New album released by music lecturer Norah Lorway

18 December 2020

Future Void
Future Void
Type: Text
Category: University news, Innovation

Award-winning Creative Music Technology lecturer Dr Norah Lorway has released her latest album Future Void, which was included in the monthly round-up of Bandcamp’s best experimental music for October.

Norah has amassed a wealth of experience in the music industry; last year she was named by the  Sundance Institute as one of their "18 Women Composers You Should Know". In 2014 she won the prestigious Robert Fleming prize for Outstanding Canadian Composer. She has performed at concerts around the world and started her own record label Xylem Records.

Norah’s album is far from traditional. Although you’d be forgiven for thinking that some of the samples for Future Void were recorded on a stormy day at Gyllyngvase Beach, the album was constructed purely from writing algorithms (coding).

Creating music by writing algorithms is something that Norah specialises in. She is part of the Algorave scene, which fuses technology with live performance. Instead of seeing DJ’s scratch records and transition seamlessly between tracks, musicians like Norah go on stage and start writing complex software scripts.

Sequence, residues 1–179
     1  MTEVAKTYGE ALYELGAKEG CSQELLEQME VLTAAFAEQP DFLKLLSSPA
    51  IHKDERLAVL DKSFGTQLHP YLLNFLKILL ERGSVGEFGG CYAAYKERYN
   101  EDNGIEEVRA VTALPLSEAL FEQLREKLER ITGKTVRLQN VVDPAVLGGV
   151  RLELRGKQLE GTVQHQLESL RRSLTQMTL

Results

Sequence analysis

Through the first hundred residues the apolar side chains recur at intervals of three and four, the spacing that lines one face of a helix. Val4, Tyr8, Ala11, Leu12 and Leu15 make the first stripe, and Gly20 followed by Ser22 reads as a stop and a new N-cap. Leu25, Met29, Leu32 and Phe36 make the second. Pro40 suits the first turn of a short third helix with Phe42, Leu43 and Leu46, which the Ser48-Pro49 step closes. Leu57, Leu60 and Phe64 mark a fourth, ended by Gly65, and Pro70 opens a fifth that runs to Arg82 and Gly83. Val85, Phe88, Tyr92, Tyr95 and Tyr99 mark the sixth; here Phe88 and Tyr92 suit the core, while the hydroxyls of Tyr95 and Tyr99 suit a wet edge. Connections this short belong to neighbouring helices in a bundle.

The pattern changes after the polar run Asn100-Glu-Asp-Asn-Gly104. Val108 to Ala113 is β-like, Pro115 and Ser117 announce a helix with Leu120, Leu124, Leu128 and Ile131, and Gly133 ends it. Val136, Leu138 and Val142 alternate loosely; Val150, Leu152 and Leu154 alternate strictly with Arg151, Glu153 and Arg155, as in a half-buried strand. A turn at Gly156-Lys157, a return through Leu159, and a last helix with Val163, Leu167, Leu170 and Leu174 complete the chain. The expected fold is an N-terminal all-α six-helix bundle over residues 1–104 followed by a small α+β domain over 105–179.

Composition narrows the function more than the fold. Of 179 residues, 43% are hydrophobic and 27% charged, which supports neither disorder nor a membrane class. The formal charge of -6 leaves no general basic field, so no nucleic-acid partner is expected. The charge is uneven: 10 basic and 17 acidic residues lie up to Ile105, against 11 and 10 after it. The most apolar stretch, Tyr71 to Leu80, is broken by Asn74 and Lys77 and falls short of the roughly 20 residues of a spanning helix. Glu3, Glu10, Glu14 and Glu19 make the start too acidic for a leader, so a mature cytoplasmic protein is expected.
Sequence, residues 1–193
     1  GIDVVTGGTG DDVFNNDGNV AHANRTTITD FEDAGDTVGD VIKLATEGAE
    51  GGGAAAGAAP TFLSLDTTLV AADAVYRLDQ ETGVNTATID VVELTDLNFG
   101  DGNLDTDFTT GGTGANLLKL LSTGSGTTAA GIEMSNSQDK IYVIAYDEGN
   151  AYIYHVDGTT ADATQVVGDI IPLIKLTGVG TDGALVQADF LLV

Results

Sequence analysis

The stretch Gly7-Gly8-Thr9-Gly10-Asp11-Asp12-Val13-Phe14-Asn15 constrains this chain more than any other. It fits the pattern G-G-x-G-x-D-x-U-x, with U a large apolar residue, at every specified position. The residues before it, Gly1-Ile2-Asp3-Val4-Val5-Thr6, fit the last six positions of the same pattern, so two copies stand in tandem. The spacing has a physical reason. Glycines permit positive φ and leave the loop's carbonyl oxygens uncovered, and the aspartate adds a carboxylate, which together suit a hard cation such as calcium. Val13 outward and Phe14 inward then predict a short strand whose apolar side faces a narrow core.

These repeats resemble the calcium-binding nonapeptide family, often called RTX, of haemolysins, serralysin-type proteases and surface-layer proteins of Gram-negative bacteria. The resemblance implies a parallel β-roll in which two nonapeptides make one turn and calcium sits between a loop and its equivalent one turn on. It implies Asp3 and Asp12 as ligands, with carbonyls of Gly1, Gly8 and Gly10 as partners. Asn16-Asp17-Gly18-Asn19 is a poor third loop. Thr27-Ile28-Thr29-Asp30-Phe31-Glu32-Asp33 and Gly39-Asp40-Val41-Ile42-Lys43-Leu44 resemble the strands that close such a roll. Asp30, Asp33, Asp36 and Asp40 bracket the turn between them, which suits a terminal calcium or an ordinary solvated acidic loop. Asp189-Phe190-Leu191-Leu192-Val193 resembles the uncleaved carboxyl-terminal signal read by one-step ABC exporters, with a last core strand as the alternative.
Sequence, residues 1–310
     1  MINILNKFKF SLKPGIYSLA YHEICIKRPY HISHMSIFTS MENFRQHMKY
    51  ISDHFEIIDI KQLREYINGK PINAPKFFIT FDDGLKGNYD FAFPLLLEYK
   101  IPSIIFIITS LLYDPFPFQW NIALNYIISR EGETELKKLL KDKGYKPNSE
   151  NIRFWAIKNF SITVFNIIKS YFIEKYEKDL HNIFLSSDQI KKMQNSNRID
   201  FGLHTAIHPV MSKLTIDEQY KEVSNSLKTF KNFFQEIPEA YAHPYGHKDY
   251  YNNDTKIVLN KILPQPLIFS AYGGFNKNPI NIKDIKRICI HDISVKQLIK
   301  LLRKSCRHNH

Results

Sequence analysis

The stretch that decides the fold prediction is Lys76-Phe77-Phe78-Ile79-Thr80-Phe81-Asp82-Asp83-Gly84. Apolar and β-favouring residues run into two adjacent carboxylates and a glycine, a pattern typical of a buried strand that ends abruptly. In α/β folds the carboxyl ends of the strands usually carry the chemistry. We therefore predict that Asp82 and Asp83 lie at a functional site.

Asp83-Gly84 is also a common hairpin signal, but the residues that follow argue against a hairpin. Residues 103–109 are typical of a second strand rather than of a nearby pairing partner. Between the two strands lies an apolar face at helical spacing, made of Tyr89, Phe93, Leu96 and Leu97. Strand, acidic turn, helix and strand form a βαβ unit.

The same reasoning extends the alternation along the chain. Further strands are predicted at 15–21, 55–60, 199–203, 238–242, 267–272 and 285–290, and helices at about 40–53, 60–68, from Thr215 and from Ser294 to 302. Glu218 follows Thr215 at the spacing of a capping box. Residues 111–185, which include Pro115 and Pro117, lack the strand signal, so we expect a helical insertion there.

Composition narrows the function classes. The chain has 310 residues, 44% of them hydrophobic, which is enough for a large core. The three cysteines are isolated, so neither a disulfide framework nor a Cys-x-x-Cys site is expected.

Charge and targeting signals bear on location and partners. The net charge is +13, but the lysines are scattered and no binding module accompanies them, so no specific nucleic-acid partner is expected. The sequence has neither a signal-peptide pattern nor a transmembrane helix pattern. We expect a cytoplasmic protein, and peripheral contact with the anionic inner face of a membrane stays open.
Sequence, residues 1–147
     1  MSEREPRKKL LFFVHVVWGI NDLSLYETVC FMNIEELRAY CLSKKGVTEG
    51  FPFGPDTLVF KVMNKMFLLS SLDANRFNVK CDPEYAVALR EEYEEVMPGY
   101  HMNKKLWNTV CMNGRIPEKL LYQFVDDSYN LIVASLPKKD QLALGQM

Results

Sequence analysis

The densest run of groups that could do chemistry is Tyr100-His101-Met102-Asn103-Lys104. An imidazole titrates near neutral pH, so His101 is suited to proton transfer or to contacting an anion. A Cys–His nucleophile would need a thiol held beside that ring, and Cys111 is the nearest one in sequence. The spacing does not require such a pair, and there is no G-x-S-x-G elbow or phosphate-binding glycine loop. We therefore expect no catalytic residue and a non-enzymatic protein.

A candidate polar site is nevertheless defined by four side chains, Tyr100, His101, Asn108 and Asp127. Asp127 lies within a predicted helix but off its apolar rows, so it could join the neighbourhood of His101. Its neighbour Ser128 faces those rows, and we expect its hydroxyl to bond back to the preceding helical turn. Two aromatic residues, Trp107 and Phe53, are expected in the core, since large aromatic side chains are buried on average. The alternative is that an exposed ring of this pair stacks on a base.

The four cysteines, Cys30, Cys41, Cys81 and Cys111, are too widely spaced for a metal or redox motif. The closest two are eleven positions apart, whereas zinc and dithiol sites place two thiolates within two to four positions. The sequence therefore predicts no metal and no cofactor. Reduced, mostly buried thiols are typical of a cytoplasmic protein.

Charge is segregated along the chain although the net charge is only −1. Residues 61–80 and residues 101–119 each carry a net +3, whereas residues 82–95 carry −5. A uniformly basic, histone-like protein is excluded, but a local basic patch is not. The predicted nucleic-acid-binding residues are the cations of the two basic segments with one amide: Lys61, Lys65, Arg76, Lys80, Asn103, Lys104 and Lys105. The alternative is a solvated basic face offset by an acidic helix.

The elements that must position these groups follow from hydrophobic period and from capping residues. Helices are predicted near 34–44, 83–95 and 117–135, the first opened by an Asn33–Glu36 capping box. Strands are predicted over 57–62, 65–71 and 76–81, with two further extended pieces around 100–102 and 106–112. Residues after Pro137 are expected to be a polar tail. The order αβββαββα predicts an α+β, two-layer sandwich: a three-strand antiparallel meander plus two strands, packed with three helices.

As Norah explains “the album is made with SuperCollider, which is a programming language for audio. The album has a lot of different textures overlapping together, creating a sound world collage.”

Reviewing Future Void for BandCamp, Marc Masters writes “It’s hard to pick out a single sound in Norah Lorway’s Future Void. Each of the album’s four tracks is a fascinating blur, with drones and echoes smeared into a thick atmosphere. Much of that atmosphere evokes images and memories: At various points I imagined an airplane taking off, a cave being explored, an ocean rolling toward the horizon, and a church choir singing from a distance. Born in British Columbia and now residing in the UK, Lorway must have spent a lot of time in vast landscapes, as her work captures the mental experience of wide, perspective-changing expanses.”

Norah agrees that her music can be understood in a number of ways. “It’s definitely up for interpretation, whatever you feel. But for me, I was trying to reflect nothingness in the music, which is where the ‘void’ part of Future Void comes from. For me it reflects emptiness, but I don’t really have any extra meaning for it.” 

Norah recommends the website as a fantastic resource for students who have aspirations of working as musicians.

“Bandcamp have been really supportive of musicians during the pandemic – they have Bandcamp Fridays, where 100% of fees are waived and the artists get all the profits. For students actively trying to seek out opportunities, Bandcamp is a great place to start.”


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